Progress in Essential Oils

Contact Author Brian M. Lawrence
Fill out my online form.

Tap Into Sensory Excellence! This is just part of the article. Want the complete story, plus a host of other cutting-edge technical and business articles to make your job easier? Login or Register for free!

Fennel Oil

Ravid et al. (1992) determined that the range of fenchone content of sweet fennel oil (Foeniculum vulgare var. dulce) was 2.2–5.2%, whereas in bitter fennel oil (F. vulgare var. vulgare) it was 7.2–20.4%. The authors further determined that the enantiomeric distribution of fenchone in both sweet and bitter fennel seed oil was (+)-fenchone (100%): (-)-fenchone (0%). As a result, fennel oil would make an excellent source of (+)-fenchone.

Gora et al. (1997) reported that Polish fennel seed oil contained fenchone (19.1%) and (E)-anethole (69.4%). This fenchone level indicates that the oil was produced from bitter fennel. The major constituents of bitter fennel oil produced in the laboratory by Bas¸er et al. (1997) from seeds of Uzbekistani origin were found to be:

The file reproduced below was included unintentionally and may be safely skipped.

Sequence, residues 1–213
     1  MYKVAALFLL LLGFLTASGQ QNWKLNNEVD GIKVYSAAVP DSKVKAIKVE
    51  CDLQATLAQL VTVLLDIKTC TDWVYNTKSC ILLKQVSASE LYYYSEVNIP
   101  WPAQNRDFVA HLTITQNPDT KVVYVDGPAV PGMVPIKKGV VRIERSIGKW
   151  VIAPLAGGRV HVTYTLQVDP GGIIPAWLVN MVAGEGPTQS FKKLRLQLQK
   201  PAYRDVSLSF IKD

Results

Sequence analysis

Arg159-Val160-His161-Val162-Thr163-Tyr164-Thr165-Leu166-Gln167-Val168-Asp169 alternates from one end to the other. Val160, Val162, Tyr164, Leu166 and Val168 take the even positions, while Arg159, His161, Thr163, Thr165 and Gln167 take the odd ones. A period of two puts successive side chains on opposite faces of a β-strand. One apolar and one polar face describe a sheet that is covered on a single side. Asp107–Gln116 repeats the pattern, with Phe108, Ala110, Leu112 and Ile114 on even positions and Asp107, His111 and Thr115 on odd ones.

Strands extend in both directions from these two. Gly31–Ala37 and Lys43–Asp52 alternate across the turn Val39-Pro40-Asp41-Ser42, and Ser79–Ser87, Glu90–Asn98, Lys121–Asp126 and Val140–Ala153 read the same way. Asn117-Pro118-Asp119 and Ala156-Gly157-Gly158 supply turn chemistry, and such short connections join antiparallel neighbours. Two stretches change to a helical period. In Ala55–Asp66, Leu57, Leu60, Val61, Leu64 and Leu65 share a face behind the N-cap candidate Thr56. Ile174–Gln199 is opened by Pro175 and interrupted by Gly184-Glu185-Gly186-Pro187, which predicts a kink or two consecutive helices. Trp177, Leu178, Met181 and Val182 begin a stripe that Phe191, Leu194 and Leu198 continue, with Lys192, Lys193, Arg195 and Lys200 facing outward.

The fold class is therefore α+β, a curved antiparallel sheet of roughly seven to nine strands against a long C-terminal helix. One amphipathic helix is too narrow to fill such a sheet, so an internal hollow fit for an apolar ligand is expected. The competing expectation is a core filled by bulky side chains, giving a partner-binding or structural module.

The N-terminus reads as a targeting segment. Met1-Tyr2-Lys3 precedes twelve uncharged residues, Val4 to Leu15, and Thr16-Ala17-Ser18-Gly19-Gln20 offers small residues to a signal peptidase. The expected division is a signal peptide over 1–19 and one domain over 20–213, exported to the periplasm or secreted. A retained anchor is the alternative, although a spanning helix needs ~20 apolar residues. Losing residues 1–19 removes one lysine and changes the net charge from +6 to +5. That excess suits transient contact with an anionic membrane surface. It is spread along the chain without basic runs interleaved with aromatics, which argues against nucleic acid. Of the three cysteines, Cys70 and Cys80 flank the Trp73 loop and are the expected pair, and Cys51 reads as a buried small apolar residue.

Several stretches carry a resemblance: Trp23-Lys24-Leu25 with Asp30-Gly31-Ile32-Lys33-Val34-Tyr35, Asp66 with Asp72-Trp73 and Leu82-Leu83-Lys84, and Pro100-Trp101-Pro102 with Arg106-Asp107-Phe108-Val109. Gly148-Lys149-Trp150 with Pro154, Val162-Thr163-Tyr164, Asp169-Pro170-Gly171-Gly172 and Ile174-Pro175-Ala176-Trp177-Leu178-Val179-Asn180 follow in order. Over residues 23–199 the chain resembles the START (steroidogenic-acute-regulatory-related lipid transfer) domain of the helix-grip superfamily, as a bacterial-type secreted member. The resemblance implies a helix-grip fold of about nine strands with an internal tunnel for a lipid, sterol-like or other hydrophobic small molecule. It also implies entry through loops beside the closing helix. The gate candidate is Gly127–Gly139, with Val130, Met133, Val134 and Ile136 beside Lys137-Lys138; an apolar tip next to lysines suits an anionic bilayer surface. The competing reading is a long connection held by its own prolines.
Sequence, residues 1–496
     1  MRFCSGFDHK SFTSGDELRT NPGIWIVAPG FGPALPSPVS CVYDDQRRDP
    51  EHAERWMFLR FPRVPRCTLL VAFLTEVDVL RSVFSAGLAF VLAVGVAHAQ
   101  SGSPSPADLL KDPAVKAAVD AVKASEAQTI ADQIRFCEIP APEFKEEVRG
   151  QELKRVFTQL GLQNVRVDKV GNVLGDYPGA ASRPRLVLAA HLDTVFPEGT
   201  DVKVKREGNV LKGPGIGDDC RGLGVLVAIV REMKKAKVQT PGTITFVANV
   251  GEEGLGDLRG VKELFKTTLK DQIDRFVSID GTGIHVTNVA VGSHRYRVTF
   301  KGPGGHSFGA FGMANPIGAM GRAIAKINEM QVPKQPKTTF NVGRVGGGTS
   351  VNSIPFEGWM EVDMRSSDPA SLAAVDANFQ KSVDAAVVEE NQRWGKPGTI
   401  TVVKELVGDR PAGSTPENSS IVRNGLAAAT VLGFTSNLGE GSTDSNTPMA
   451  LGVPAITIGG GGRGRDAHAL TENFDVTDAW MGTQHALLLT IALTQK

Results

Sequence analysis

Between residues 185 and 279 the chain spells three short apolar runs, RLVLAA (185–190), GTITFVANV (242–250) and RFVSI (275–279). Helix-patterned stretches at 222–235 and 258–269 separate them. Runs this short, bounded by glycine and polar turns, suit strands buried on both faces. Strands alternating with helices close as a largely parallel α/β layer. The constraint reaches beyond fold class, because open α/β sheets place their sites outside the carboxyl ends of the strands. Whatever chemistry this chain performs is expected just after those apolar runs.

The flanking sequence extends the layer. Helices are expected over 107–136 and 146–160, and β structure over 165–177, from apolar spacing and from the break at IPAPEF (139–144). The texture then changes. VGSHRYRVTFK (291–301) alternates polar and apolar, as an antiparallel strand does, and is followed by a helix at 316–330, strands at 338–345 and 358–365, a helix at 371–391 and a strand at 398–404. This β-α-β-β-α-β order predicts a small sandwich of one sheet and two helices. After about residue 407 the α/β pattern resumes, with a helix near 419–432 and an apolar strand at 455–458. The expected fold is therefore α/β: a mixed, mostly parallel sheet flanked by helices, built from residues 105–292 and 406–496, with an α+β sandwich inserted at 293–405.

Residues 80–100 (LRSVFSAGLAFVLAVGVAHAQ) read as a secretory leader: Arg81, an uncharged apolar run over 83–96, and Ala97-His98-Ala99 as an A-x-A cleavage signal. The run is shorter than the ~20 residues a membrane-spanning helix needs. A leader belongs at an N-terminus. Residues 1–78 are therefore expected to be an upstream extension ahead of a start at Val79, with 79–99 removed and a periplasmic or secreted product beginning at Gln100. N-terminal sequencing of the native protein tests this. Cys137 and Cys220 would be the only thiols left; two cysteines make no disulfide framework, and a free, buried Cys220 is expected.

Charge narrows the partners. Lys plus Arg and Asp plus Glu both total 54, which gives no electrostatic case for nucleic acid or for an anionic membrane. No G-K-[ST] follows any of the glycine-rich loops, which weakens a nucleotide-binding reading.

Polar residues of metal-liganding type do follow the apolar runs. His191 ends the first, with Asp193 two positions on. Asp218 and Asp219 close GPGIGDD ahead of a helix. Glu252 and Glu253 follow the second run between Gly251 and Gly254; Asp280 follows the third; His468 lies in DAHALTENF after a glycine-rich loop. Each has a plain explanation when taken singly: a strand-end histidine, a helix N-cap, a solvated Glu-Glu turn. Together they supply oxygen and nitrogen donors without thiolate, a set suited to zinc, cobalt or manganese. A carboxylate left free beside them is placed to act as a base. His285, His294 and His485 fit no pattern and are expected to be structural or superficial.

Want the rest of the story? Simply sign up to register. It’s easy. Plus, it only takes 1 minute and it’s free!

limonene (0.78%)

gamma-terpinene (0.39%)

fenchone (8.03%)

methyl chavicol (3.24%)

(E)-anethole (87.33%)

Aridogan et al. (2002) reported that fennel oil produced in Turkey contained the following major constituents:

alpha-pinene (0.3%)

limonene (7.7%)

1,8-cineole (1.6%)

gamma-terpinene (0.9%)

fenchone (3.3%)

methyl chavicol (3.2%)

(E)-anethole (76.4%)

anisketone (1.2%)


Related Content